TRIBUTES have been paid to Michael Brinton, the Lord Lieutenant of Worcestershire, who died on Monday.

Mr Brinton had served as Lord Lieutenant, or the Queen’s representative in the county, since 2001.

He died peacefully, aged 70, with his wife Angela by his side at the Queen Elizabeth Hospital in Birmingham after a year-long fight against cancer.

As well as the Queen’s man, Mr Brinton was also the chairman of the world-famous Kidderminster carpet firm Brintons which was founded by his great, great, great grandfather William Brinton in 1783.

HIs son Julian Brinton, speaking on behalf of Mrs Brinton, daughter Birdie and son Algy, said: “We are all devastated and he will be sorely missed.

"We all adored him. He was very much a family man and a brilliant grandfather to five grandchildren.

“My inbox has been heaving with messages from every member of the carpet industry and local area writing to say what a wonderful chap he was and what a gentleman of the industry.”

Mr Brinton also said his father enjoyed vintage cars, country pursuits and was passionate about opera.

John Inge, the Bishop of Worcester, a close friend of Mr Brinton’s, said: “He was someone for whom I had a profound admiration and respect.

"His service to the people of Worcestershire as Her Majesty’s Lord Lieutenant was exemplary.

“He was, in addition, a person of immense graciousness, kindness and modesty.

“His was an inspiring example of Christian service and he will be sorely missed by me and very many others.”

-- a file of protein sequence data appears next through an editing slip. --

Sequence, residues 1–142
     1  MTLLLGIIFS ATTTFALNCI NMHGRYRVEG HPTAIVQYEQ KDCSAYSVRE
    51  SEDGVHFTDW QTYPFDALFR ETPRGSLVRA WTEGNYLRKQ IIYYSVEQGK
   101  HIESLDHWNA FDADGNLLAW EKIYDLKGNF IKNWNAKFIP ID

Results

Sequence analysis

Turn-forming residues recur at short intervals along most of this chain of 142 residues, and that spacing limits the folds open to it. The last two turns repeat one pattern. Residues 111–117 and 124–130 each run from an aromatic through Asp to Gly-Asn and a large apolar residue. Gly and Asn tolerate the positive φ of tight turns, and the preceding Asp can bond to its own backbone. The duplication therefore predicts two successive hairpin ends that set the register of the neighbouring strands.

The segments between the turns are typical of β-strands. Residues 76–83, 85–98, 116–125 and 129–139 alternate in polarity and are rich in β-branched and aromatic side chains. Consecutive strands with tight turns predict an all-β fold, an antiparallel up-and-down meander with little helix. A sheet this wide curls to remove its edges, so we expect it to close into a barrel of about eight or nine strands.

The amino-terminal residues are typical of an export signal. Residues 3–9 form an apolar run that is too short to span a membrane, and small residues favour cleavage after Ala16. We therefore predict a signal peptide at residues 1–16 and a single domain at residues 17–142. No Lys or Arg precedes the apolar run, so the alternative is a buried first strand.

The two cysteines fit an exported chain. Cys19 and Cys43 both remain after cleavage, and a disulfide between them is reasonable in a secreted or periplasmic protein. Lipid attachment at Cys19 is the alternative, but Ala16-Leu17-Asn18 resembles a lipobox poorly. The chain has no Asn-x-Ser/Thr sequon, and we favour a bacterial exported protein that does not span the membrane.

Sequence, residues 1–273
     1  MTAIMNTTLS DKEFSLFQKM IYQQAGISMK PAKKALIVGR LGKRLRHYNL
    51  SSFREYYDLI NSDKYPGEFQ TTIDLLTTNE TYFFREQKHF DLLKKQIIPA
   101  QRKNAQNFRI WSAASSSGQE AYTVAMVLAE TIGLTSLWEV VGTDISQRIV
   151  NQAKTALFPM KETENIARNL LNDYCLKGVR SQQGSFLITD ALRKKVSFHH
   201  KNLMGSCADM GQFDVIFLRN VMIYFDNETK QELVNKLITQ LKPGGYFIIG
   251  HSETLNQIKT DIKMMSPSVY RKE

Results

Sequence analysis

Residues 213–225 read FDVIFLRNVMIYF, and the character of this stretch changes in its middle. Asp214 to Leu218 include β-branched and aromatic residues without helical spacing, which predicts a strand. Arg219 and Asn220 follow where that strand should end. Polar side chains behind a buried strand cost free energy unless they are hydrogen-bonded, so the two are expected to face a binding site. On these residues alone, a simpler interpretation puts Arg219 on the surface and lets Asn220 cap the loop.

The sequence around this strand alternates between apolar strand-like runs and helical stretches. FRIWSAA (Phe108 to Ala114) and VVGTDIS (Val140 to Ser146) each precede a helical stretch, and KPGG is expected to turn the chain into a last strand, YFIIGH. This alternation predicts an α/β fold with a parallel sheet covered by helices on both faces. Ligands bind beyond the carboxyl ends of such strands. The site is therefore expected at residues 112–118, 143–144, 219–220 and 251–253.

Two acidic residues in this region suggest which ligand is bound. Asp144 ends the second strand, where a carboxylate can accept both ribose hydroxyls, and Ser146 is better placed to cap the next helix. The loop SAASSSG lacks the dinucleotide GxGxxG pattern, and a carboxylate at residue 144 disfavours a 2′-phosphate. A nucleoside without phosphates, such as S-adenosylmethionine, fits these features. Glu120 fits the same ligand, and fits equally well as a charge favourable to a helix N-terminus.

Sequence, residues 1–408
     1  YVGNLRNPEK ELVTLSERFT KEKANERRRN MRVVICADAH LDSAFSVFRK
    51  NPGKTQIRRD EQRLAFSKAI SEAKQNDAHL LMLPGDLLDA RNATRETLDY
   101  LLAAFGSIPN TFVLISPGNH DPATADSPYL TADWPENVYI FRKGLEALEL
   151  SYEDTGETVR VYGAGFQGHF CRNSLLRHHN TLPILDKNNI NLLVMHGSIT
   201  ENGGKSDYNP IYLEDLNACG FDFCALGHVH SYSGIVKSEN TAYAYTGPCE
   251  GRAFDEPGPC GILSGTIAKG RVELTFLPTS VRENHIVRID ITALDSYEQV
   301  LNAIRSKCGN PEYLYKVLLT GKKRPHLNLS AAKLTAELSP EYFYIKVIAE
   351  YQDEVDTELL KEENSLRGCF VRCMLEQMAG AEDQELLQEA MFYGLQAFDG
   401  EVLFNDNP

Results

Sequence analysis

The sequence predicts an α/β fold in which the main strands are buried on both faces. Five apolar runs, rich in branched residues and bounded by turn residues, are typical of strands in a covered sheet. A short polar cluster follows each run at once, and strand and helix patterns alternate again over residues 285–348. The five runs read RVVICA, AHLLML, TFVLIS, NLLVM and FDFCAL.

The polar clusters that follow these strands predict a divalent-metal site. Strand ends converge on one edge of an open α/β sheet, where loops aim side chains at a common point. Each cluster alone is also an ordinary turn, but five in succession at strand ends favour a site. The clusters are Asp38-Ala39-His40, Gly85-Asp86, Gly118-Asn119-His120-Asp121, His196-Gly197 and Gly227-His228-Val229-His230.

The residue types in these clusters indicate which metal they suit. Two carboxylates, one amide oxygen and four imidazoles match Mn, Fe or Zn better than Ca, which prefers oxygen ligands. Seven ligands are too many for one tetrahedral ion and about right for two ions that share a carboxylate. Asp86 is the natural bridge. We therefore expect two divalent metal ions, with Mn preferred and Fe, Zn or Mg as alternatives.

Anne Carter, a deputy lieutenant of Worcestershire, said Mr Brinton was a man of the people. She said: “A light has gone out over Worcestershire but we’ve got a star in heaven.

“He was a lovely, lovely man. I think Worcestershire has lost a real gem.”

David Tibbutt, the Mayor of Worcester, said: “I got to know Michael Brinton very well indeed during my year as mayor of Worcester.

“He became a great friend and he was always good to talk to. He was a gentle man and very good at putting people at ease.

"I saw him on many civic occasions when he ably promoted the city. He was a great man and is an immense loss to the city and county.”

Sylvia Herbert, who was a colleague at Brintons for 10 years, said: “He was a charming man and a real gentleman.”

Another colleague Mike Hardiman, who worked with Mr Brinton for more than 30 years, said: “He was just a very nice man to be with.”

He described him as a man at ease with everybody.

Brintons managing director Don Coates said: “He will be remembered best for the commitment, energy and passion he put into building the business and creating this global brand, particularly during his time as chairman and then as our president.”

A private family funeral will be followed by a memorial service in Worcester Cathedral in the autumn.

A Buckingham Palace spokesman said the Queen would be informed of his death.